Egg shaped ufo sighting in 1965

Here’s an egg-shaped UFO sighting from Passport to Magonia by Jacques Vallee; he later relates the story to [[ Betty and Barney Hill ]]’s encounter, saying that the hypnotist observed the similarities betwen UFO encounters and folklore

Eleven years later, the files of landing reports and strange creatures associated with them had become very thick indeed. Then a new flurry of reports began. On July I, 1965, Maurice Masse, a French farmer who lived in Valensolc, had the following experience. As he arrived in his field, at 6:00 A.M., and was getting ready to start his tractor, he heard an unusual noise. Stepping into the open, he saw a machine that had landed in his lavender field. He I bought it must be some sort of prototype and walked toward it, with a mind to tell the pilots, in no uncertain words, to go find .mother landing spot for their contraption. It was only when he was within twenty feet of the machine that he came in full view of the scene and realized his mistake.

The object was egg-shaped, had a round cockpit, was supported by six thin legs and a central pivot, and was not bigger than a car. In front, appearing to examine a lavender plant, were the two pilots. They were dressed in one-piccc, gray-greenish suits. On the left side of their belts was a small container; a larger one was on I he right side. They were less than four feet tall and had human eves, but their heads were very large: about three times the volume of a human head. They had practically no mouth, only a very small opening, without lips. They wore no respiratory device, no headgear, and no gloves. They had small, normal hands. When Masse came upon them, they seemed to become suddenly aware of his existence, and yet it was without any indication of fear or surprise that one of the “pilots” took a small tube from its container and pointed it at Masse—with the result that the witness found himself suddenly incapable of movement.

For the next sixty seconds or so, the two entities looked at Masse. They appeared to be exchanging their impressions vocally in a sort of gargle. These sounds came from their throats, insisted I he witness, but the mouths did not move. The eyes, in the meantime, conveyed human expressions. In private, Masse told a civilian investigator that he had not been frightened by their attitude, and that it contained more friendly curiosity than hostility toward him.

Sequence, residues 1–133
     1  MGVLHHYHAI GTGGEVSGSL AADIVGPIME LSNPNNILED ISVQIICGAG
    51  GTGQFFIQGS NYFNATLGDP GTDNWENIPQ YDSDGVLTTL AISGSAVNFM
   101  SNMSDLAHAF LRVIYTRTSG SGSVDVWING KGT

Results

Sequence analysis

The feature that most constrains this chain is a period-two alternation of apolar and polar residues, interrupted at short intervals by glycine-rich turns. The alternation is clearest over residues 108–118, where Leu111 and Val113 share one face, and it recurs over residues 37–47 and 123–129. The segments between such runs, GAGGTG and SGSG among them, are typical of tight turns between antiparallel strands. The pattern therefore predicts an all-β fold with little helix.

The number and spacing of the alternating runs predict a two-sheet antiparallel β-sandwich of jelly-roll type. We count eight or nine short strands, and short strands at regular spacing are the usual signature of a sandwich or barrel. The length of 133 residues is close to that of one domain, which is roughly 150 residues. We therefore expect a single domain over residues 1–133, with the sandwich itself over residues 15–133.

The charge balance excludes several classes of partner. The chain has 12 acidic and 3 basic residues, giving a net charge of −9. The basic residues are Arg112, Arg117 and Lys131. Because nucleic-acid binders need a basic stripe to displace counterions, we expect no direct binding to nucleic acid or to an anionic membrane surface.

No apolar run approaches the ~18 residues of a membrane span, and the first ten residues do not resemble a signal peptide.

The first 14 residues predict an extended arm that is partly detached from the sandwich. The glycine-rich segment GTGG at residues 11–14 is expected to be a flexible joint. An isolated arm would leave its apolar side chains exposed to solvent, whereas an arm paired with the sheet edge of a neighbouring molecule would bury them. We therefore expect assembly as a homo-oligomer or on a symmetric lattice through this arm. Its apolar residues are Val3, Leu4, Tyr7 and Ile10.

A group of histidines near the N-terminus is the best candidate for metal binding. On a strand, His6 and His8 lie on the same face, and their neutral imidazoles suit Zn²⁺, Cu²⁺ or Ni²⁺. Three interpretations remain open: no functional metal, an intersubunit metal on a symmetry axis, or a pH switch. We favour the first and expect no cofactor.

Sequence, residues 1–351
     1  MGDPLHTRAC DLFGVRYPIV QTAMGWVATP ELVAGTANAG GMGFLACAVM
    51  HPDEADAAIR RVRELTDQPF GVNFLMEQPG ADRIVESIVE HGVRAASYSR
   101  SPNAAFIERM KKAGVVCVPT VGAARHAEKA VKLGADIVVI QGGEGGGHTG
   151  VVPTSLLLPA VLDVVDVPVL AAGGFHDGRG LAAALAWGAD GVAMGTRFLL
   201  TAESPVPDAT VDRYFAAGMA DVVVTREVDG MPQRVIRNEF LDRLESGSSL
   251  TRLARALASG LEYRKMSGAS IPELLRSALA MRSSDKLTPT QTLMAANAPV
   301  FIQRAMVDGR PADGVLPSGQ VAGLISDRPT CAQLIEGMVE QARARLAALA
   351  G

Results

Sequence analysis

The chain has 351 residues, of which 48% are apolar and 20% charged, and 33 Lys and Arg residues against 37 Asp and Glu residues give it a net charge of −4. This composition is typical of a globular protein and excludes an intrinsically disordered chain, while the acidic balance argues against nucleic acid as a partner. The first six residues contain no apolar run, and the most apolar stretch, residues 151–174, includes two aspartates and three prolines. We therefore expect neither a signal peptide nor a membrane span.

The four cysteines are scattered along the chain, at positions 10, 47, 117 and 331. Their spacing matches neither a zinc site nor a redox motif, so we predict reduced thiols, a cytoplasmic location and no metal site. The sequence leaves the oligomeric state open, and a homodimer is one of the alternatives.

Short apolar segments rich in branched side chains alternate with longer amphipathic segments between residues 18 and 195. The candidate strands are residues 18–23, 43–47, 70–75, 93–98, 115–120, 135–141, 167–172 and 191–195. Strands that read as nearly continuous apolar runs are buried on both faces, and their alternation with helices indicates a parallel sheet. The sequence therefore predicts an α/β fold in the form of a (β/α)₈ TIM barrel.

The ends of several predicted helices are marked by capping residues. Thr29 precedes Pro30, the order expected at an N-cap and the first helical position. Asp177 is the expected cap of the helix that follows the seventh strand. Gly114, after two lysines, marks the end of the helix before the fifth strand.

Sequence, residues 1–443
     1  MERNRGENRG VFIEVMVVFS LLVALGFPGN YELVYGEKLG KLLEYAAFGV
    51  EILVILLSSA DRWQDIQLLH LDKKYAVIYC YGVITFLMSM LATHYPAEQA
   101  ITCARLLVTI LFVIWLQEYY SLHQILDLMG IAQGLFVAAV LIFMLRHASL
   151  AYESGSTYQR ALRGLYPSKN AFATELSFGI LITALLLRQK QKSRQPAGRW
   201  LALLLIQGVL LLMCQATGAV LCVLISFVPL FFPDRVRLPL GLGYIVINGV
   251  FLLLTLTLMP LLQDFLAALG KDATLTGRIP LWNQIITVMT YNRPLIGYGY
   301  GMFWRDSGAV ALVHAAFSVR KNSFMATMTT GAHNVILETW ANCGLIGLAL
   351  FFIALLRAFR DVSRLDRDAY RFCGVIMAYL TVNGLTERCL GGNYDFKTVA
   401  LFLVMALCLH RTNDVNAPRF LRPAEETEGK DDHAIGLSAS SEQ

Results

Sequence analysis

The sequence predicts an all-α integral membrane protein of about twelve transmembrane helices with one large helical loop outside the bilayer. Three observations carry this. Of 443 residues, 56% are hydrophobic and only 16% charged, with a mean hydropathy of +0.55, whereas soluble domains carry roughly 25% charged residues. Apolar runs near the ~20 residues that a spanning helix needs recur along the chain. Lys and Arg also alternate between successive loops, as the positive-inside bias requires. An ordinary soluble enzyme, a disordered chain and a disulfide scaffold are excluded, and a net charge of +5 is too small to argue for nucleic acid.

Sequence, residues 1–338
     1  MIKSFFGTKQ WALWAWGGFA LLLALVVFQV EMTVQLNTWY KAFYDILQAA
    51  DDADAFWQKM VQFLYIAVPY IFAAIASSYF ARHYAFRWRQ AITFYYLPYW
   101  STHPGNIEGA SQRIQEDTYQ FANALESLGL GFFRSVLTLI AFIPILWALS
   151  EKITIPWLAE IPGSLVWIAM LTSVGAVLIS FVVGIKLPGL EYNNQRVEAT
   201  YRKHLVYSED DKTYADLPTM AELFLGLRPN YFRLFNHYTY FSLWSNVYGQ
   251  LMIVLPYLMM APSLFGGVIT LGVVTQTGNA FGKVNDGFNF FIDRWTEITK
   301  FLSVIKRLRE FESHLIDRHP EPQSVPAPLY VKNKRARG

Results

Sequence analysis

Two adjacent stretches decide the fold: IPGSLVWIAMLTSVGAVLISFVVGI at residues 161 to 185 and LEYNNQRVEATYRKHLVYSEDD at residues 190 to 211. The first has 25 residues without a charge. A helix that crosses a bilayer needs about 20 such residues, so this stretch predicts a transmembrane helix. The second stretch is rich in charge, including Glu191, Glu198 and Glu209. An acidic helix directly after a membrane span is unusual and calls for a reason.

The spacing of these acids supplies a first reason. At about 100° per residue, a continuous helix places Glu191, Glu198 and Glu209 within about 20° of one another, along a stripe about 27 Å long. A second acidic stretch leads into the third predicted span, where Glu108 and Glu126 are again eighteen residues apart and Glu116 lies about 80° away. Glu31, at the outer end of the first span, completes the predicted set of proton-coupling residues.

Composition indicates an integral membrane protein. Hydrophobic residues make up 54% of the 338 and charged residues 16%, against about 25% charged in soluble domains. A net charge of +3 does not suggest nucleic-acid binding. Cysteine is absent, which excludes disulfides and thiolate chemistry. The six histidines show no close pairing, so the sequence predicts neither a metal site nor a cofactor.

After some time—estimated by Masse, as I have said, as about one minute—the creatures went inside the craft. The door closed “like the front part of a wooden file cabinet,” but Masse could see them through the cockpit. They were facing him as the object took oif in the opposite direction, first hovering a few feet from the ground, then rising obliquely with the take-oE speed of a jet plane. When it was about sixty yards away, it vanished. The witness was closely questioned on this last point by French scientists who were privately interested by the case, but Masse insisted he could not say whether the object went away so fast that the eye could not follow it or whether it actually disappeared. He made it quite clear, however, that “one moment, the thing was there, and the next moment, it was not there anymore.” Masse remained alone in his field, paralyzed.

The word “paralysis” is not properly used in connection with incidents of this type. Masse said that he remained conscious during the whole observation. His physiological functions (respiration, heartbeat) were not hampered. But he could not move. Then he became very frightened indeed. Alone in his field, unable even to call for help, Masse thought he was going to die. It was only after about twenty minutes that he gradually regained voluntary control of his muscles and was able to go home.

There is a sequel to his experience. For several weeks after the incident, Masse was overcome with drowsiness, and all his relatives—as well as the investigators—observed that he needed so much sleep that he found it diEcult to stay awake even for four hours at a time. This is another little-known characteristic of “close-proximity” cases. To Masse, who was used to working “from sun up to sun down”—as the early hour of his-observation itself shows—this was a very impressive and disturbing consequence of his experience. Another result of the publicity the case attracted was the great damage to Masse’s field, as crowds of tourists gathered to sec the traces left by the craft.

… What is Masse’s impression of the visitors? For some reason, lie says, he knows they meant no harm. They were not hostile to him, only indifferent. As he stood facing them, during that long minute, he suddenly was overcome with the certitude that they were “good”—a belief he is unable to rationalize, because at no point did he understand their strange language.

see also: [[ egg shaped ghost ]], [[ egg shaped object or UFO in 1964 ]] [[ physical reactions to paranormal encounters ]]

UFO - [[ paralysis during paranormal or ufo encounters ]] - tangentially related to [[ sleep paralysis ]] - [[ hypnosis ]] [[ egg shaped UFO ]] history


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